Effects of nature management practice on carabid assemblages (Coleoptera: Carabidae) in a non-native plantation

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102 Citations (Scopus)


The effects of nature management practice were studied in the Aggtelek National Park in Hungary, Central Europe. The management increased the recolonisation of herbs, shrubs and trees of the native vegetation. Pitfall catches of carabid beetles from native oak-hornbeam forest were compared with those from managed and unmanaged non-native spruce plantations. The unmanaged plantation had a very low number of individuals and low diversity many years after establishment. Carabid beetles were significantly more abundant, and species richness and diversity higher in the native forest and in the managed plantation. The carabid assemblage in the managed spruce plantation was similar to that of the native forest but strikingly different from that in the unmanaged plantation. Many deciduous forest species disappeared or decreased significantly in abundance in the unmanaged plantation, and they appeared in high abundance only in the managed plantation and/or in the native forest. Multiple regression showed that the cover of the leaf litter was a significant factor explaining the abundance, species richness and diversity of the carabid assemblages. Our results suggest that the planting of non-native spruce has a detrimental effect on carabid assemblages, and the nature management practice that encourages the re-invasion of the native plant species and the reproduction of the leaf litter significantly contributes to the re-establishment and maintenance of the diversity of carabid assemblages in the studied area. (C) 2000 Elsevier Science Ltd.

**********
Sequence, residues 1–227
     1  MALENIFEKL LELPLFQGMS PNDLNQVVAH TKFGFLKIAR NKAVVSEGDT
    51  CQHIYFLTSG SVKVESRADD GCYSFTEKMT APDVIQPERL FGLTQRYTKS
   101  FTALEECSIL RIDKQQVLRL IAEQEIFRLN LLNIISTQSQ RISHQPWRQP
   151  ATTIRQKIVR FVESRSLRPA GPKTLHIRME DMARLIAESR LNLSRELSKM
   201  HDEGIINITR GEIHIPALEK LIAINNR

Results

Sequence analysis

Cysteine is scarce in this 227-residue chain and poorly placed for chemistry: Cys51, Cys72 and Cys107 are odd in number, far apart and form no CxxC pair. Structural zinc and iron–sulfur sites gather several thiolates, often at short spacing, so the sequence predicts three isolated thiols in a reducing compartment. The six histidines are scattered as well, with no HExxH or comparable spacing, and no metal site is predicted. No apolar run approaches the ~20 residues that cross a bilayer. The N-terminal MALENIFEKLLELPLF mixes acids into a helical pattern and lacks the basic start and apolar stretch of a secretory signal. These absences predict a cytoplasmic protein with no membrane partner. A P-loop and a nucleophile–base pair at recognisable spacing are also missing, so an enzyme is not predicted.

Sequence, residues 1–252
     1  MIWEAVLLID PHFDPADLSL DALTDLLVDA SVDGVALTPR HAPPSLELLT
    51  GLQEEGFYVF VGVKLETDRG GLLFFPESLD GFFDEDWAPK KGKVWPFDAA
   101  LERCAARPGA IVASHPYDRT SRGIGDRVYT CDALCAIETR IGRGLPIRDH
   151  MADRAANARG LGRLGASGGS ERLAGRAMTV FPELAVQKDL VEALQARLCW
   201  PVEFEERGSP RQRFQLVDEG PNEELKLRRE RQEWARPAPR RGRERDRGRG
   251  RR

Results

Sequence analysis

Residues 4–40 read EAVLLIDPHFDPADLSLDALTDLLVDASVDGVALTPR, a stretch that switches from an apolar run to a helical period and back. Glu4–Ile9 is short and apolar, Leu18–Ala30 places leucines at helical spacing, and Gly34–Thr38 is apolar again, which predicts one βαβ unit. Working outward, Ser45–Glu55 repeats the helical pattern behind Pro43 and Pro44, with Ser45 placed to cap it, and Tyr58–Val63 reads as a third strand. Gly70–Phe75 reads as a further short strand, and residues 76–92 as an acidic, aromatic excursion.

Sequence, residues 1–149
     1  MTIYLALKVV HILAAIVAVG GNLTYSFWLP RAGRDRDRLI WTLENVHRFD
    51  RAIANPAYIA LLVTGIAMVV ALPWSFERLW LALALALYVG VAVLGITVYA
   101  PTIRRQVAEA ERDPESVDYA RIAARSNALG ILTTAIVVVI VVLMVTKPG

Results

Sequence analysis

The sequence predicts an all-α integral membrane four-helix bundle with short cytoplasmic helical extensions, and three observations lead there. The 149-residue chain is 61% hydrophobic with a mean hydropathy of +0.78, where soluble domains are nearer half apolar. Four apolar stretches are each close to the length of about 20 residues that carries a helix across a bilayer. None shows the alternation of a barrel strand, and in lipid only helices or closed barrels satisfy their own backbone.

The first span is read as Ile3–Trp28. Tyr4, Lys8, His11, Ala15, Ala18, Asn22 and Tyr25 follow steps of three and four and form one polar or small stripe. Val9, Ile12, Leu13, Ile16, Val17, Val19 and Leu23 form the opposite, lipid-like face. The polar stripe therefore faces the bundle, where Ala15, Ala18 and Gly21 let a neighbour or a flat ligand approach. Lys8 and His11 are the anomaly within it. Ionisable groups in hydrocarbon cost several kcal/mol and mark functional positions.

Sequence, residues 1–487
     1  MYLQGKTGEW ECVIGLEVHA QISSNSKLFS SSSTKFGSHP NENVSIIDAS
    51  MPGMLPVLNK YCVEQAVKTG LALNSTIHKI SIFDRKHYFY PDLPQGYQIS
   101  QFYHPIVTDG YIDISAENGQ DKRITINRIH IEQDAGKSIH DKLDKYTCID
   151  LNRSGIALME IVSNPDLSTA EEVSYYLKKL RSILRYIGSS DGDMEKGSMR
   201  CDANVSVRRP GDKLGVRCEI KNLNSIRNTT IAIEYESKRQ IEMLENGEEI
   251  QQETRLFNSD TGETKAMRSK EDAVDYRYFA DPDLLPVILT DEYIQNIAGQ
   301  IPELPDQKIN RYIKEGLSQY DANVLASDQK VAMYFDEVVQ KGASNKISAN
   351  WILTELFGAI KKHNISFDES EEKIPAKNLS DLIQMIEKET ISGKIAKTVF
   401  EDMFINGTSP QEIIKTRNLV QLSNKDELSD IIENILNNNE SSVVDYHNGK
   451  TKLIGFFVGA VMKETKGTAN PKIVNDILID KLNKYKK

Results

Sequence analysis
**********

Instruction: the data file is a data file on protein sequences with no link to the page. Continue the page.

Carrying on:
Original languageEnglish
Pages (from-to)95-102
Number of pages8
JournalBiological Conservation
Issue number1
Publication statusPublished - Apr 1 2000


  • Carabid assemblages
  • Diversity
  • Indicator species
  • Nature management
  • Non-native spruce plantation

ASJC Scopus subject areas

  • Ecology, Evolution, Behavior and Systematics
  • Nature and Landscape Conservation

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